Author Topic: A sad fate for an Artillery model  (Read 455 times)

Offline Roscoe Coles

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A sad fate for an Artillery model
« on: October 08, 2021, 09:17:10 PM »
A buddy sent me this sad picture of a colt that came into his shop today.  It is a martially marked artillery model that someone decided to tart up.  Bad polishing, bad engraving, cheap poorly fitted plastic grips, and tarty plating have pretty much destroyed it’s value.  I am amazed that anyone would do this to a rare gun.  As you can see by the price, it turned a valuable gun into shooter. 

Offline St. George

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Re: A sad fate for an Artillery model
« Reply #1 on: October 08, 2021, 10:34:45 PM »
When this was done, no one revered them - they weren't placed on silken pillows and covered with Renaissance Wax, to be handled with white gloves.

Hard to imagine, I know...

Back then - not even Kopec, Graham and Moore were writing about them - and they were likely the first to do so.

These were cheap - surplus guns always are - and many fit the bill to be cleaned up and embellished with zero thought to the collectors of the future.

Back then, they weren't Holy Relics - they were just low-cost, used revolvers.

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Offline Roscoe Coles

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Re: A sad fate for an Artillery model
« Reply #2 on: October 08, 2021, 11:46:14 PM »
Well, I don’t belong to the silk pillow crowd.  My RAC 1890 cavalry model (below) lives in a holster like all my SAAs, and gets shot with BP, whenever I get the chance.  The guy who sent me the pictures has an earlier cavalry model and an artillery (that he traded from me 30 years ago) that he shoots as well.  You should see the faces of folks at SASS shoots when they figure out they are not reproductions!

I have read the articles from the 50s in the Rifleman on how to slick up your SAA with Smith and Wesson sights and a vent rib. And the ones on how to rebuild you old Winchester 1885 target rifle into some wildcat cartridge. In my years in the used gun trade, as a smith, and as a collector I have seen quite a few nice guns that where ruined by “improvement” and every time I do I think the guy who had it done should get a swift kick in the jewels.  The gunsmith who did it should have them cut off.

Just my opinion, but I am not likely to change it.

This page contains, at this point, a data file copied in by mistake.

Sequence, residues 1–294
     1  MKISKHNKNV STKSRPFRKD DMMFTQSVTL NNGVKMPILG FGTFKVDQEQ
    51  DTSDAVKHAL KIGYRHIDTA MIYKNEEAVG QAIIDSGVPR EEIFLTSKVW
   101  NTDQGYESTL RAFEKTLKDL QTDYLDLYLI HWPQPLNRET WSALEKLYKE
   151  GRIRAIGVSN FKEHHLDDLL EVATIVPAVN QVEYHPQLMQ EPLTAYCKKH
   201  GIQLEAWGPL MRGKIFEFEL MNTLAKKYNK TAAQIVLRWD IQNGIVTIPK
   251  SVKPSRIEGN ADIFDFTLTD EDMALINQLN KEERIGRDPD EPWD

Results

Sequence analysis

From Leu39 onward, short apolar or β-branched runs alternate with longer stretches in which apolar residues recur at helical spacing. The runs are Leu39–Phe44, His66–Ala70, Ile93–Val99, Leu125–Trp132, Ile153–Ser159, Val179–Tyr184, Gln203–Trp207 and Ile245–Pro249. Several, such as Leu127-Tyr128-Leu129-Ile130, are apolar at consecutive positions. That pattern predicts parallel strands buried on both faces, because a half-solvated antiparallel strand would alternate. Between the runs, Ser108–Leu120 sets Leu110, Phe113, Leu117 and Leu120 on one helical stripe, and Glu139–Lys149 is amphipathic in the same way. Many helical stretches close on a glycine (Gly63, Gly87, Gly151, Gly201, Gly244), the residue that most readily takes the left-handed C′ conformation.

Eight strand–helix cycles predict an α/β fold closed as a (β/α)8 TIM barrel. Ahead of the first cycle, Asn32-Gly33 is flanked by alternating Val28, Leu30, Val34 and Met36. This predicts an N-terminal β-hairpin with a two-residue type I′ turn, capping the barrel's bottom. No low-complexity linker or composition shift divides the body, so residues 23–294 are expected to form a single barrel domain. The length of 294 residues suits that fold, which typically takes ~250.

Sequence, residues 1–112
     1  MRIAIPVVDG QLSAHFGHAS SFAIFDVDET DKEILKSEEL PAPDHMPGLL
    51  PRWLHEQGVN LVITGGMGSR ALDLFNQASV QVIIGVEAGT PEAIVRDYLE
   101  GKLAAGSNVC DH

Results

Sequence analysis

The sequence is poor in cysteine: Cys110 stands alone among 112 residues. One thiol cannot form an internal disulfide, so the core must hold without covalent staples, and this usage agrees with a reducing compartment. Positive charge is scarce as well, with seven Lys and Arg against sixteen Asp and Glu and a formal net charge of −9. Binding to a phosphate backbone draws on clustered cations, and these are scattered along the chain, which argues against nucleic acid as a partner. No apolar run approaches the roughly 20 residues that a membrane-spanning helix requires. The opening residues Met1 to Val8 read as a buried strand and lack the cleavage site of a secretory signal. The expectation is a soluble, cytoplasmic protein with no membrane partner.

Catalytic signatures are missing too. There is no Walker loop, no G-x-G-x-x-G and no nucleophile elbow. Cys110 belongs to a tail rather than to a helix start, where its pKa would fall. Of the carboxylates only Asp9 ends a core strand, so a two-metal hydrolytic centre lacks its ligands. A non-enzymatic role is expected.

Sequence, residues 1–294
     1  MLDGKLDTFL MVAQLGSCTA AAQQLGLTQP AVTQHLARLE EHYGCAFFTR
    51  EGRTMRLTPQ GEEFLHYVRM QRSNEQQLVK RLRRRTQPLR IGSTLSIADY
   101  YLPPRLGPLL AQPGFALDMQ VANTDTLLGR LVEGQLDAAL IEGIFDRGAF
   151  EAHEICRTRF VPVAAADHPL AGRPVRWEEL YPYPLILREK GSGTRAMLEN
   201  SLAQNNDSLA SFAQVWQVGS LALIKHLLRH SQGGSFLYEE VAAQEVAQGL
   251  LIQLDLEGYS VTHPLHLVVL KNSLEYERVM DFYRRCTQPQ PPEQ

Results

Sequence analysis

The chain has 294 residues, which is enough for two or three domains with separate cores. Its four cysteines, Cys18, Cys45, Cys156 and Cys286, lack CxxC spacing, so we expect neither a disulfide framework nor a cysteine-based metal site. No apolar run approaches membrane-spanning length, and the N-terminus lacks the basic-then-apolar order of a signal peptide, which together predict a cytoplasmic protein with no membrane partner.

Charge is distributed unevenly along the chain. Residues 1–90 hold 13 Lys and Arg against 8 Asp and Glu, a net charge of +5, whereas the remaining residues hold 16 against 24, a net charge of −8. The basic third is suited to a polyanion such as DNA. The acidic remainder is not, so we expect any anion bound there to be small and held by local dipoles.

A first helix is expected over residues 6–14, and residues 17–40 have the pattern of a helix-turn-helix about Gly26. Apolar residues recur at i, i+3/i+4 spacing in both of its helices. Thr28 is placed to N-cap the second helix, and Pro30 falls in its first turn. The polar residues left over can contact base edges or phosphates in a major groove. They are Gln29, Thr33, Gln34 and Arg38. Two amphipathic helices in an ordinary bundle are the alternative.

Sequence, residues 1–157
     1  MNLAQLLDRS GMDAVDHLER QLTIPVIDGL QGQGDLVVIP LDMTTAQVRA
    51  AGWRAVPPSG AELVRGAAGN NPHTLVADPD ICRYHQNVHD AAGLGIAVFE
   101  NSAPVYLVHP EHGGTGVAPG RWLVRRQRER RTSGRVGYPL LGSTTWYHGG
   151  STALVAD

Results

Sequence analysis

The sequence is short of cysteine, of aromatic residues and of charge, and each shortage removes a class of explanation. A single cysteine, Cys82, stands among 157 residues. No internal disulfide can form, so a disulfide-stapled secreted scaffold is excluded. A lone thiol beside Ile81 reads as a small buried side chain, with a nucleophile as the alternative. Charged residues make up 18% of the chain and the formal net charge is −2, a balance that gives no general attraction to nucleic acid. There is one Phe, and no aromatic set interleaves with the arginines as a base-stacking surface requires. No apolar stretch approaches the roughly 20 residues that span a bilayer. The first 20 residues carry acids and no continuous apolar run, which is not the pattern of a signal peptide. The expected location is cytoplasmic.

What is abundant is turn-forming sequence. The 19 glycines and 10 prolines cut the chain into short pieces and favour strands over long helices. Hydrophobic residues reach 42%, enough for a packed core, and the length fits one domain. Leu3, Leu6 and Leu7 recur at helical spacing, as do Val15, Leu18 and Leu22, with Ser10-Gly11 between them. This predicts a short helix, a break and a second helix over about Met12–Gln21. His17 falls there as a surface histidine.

Offline Dave T

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Re: A sad fate for an Artillery model
« Reply #3 on: October 09, 2021, 01:01:55 PM »
That's not just a shame, it's a crying shame.

When I got into CAS back in the mid 1980s the reproductions weren't as nice as they are today.  Back then the Italians didn't quite have the knack of tempering screws and springs.  I started with a Uberti made 45 Colt but after replacing a number of springs and stripping screw slots I gave up on it. Then I came across an 1882 Colt that someone had installed with 2nd Gen barrel and cylinder.  About the same time I found an old gunsmith who liked old guns and knew how to fix them.

I spent the next 10-11 years finding junker Colts, Winchesters, and other 19th Century firearms and restoring them to shootable condition.  Shot nothing but full charges of black powder behind soft cast bullets back then and loved every minute of it.  Like the OP I got a lot of surprised comments when fellow shooters found out I was shooting originals.  The most common question was why I had to shoot such heavy loads.  LOL

Back in the those days I would have been tempted to buy that Artillery and then try to "fix" it.  Not sure that's even possible but it deserves the effort of someone  who cares about old guns and history.

My $.02 worth,
Dave

Offline River City John

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Re: A sad fate for an Artillery model
« Reply #4 on: October 09, 2021, 02:59:19 PM »
Perhaps as well lament the huge purchases of surplus Springfield rifle barrels and other ordnance used by Bannerman's to build a breakwater for his Hudson River island.

St. George pegged it. Different times and what was considered scrap, - now scarcity and the longings fed by nostalgia have rendered invaluable.